On this particular day, Jesus put the disciples in a boat and said, "Let us go over to the other side," meaning the other side of the Sea of Galilee. They started out, but a huge storm came up suddenly, and they were in trouble. The Greek word for this storm emphasizes that it came out of nowhere, one of those completely unexpected storms that the Sea of Galilee was famous for.
Now, the disciples were experienced on the water, but they panicked this time. They had begun bailing water when someone figured out, "Hey, wait a minute. Jesus is with us." So they looked around, but when they saw Jesus they became a little "evangelically ticked off," because Jesus was asleep in the stern of the boat (see v. 38).
The disciples were upset. What good was having Jesus on your boat if He was asleep when you needed Him most? What good is having a Deliverer who is not delivering you from the storm? So the disciples stirred Jesus awake and asked this accusing question: "Teacher, do You not care that we are perishing?" (v. 38). In other words, "Jesus, we hate to bother You, but we could use a little help here. If You really care about us, get up and do something."
We can sit in church and sing the old hymn that asks, "Does Jesus care?" about the things that happen to us. That hymn gives the resounding answer, "O yes, He cares, I know He cares." But when your house is being battered or your boat is filling with water, the temptation is to say, "Hello, anyone out there? Jesus, if You really cared about me You'd be doing something. I'm bailing, but You're sleeping."
God Hasn't Forgotten You
Jesus got up and stilled the storm. That was the easy part. Then He turned to the Twelve and said, "Why are you afraid? How is it that you have no faith?" (Mark 4:40).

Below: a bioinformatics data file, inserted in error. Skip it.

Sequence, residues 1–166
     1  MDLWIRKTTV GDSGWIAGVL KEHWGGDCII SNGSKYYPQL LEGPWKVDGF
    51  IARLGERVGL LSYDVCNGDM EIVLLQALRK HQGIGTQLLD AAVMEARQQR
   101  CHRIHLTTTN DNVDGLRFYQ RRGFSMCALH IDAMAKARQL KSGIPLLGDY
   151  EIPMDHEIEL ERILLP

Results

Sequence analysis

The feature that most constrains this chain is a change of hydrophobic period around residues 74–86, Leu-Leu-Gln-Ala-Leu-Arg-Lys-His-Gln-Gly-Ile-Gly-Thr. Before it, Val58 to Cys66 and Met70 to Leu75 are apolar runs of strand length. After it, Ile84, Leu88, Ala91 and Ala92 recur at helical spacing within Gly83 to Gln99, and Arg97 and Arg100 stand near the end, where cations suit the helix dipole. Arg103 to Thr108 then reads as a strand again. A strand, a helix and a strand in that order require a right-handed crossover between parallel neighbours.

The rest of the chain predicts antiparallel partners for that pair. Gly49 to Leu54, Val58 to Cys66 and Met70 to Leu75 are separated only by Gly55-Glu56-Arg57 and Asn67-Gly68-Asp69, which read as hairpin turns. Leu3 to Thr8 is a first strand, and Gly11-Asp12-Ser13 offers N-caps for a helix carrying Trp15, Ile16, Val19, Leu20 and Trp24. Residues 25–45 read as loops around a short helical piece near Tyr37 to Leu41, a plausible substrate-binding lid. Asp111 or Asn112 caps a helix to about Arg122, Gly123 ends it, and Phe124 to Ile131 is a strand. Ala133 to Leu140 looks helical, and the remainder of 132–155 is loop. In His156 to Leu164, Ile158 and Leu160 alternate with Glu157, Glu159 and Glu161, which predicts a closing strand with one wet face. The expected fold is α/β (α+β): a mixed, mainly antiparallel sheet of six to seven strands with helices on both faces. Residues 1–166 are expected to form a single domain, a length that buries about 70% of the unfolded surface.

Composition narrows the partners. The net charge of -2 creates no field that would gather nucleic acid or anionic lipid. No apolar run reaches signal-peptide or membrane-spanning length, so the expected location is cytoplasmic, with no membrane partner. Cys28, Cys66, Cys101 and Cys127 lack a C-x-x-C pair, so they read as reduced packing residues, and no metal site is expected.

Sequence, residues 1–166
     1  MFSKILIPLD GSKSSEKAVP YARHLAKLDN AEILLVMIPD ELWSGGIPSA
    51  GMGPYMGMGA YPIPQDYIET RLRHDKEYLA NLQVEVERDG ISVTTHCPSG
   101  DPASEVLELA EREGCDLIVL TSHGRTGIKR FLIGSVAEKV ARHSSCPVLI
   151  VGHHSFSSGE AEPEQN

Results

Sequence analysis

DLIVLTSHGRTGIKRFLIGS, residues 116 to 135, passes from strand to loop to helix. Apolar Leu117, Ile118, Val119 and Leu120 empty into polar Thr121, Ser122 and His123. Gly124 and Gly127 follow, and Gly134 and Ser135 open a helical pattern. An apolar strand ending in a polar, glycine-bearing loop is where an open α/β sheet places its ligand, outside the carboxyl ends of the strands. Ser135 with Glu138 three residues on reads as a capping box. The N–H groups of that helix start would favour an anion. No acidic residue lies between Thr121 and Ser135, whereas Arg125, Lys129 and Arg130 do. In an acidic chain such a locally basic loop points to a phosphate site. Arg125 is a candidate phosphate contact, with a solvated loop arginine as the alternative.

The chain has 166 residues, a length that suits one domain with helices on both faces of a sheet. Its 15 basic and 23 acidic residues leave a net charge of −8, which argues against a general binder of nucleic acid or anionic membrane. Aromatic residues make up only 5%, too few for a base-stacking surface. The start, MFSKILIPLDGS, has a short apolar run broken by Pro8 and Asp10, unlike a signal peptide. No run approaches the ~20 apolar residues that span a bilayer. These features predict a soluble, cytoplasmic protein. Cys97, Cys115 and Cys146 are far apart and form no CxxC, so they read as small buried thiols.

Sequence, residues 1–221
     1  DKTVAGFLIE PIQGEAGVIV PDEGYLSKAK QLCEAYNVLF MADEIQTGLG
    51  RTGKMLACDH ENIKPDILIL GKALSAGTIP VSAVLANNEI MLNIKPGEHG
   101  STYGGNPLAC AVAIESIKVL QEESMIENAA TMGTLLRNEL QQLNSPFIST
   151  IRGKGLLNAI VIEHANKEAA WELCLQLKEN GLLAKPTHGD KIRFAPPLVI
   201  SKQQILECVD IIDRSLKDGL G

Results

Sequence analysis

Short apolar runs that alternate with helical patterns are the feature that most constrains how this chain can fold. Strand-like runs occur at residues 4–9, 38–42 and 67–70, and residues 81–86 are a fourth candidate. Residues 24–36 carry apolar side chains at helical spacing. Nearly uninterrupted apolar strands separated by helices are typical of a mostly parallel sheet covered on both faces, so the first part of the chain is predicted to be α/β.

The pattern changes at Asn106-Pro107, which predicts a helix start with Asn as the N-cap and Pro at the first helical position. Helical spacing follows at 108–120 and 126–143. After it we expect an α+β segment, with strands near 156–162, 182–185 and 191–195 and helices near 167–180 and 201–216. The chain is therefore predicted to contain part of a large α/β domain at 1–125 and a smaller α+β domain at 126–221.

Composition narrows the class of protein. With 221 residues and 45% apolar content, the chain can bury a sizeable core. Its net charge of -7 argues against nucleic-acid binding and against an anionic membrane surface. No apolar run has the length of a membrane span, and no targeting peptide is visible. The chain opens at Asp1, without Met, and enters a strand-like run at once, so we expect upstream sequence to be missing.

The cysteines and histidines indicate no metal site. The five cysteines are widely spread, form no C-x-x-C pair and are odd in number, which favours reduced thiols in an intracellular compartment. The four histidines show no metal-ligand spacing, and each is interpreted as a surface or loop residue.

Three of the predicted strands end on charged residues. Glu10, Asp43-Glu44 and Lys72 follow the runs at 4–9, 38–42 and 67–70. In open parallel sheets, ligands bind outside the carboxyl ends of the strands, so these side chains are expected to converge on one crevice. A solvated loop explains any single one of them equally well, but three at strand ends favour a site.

Jesus' question seems a little harsh, given their current reality. But He said it because His men had forgotten what He said before they ever got in the boat: "Let us go over to the other side." He did not intend for His disciples to go out halfway in the water and drown.
The Twelve had heard Jesus say this, but in the middle of their crisis they forgot what He said. The Word was not abiding in them. The storm was now determining their theology. Jesus cared about them, but they lost sight of that fact.
When you seem to be drowning, remember what Jesus said.
Whenever it looks like your God has gone to sleep on you, know that He has a purpose in mind. He hasn't forgotten where you are, and He hasn't stopped caring. He wants to see what you are going to do with His Word when the storm hits.
And make no mistake; it is going to rain. The storms will come. It's been aptly said that you are either coming out of a storm, in a storm, or headed toward a storm. It is going to rain. After Jesus stilled the storm, the disciples became afraid of Him (Mark 4:41). That's OK. If you are going to fear something, fear Jesus, not the wind or the rain.
Did Jesus know that storm was coming? Of course. Did He send the disciples into it on purpose? Yes, He did. Why? To teach them the same lesson we need to learn over and over again. When you have Jesus, you have a foundation that is built with the storms of life in mind. Nothing surprises or overwhelms Him. With Jesus as the foundation of your life, you can endure the batterings that life brings. Nothing can capsize your boat when Jesus is in it.
God has already determined what is going to come your way, and He is sufficient for it. But you must learn to absorb and apply His Word. God has been truthful in telling us that the trials are sure to come. And He has given us everything we need in His Word and the indwelling presence of the Holy Spirit to bring that Word to our remembrance and help us apply it.
When I was a boy, my father bought me one of those balloon punching bags with a wide base. No matter how hard or how many times I hit that bag, it kept popping back up because it was well anchored at the bottom. It had a foundation that was stronger than my hardest punch.
Sometimes life is going to hit you with a balled-up fist, and you may sway. But if Jesus and His Word are your anchor, your foundation, you are going to come back. Sometimes Satan is going to hit you, but if Christ and His Word are your foundation, you will come back, even though you may rock a little bit. How do I know? Because "greater is He who is in you than he who is in the world" (1 John 4:4).
Thanks to Pastor Femi Adigun.